There is also a practical aspect to this: An LED with a three-level color code indicates just how much power reserve remains in the charging case. The remaining battery life of the earphones can even be depicted as a percentage in the companion app.

Final verdict

The LG Tone Free FN6 is a fine piece of consumer electronics, which contains a lot of technical implementations and quality components. Featuring LEDs with antibacterial UV light, wireless charging capability, and a great app with a wide range of configuration options, these earbuds offer a whole lot more than other models. Its touch operation capability and charming design are also impressive. LG was only ambitious with one core element, which would be the audio hardware. Even the sophisticated audio signal processing is powerless against the limitations of the small form factor. The manufacturer certainly outdid itself by delivering so much at such a price point.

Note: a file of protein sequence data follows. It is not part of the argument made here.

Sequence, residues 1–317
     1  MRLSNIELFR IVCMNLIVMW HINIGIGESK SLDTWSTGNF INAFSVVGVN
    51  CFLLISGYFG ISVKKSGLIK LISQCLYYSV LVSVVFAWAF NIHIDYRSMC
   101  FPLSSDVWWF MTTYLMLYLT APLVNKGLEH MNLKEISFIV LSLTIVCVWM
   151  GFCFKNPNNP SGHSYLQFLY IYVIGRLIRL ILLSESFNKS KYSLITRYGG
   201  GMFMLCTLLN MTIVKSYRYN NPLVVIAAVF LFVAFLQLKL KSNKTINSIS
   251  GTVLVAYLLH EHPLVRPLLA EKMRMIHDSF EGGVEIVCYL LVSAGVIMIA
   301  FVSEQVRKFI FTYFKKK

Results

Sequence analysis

For far less money though, you are able to obtain the Huawei Freebuds 3i that delivers better sound and ANC capability. Touch controls, protection against water splashes, a good app on Android, and also a decent compact form factor are part of the deal. However, it loses out on features such as wireless charging and a germ killer.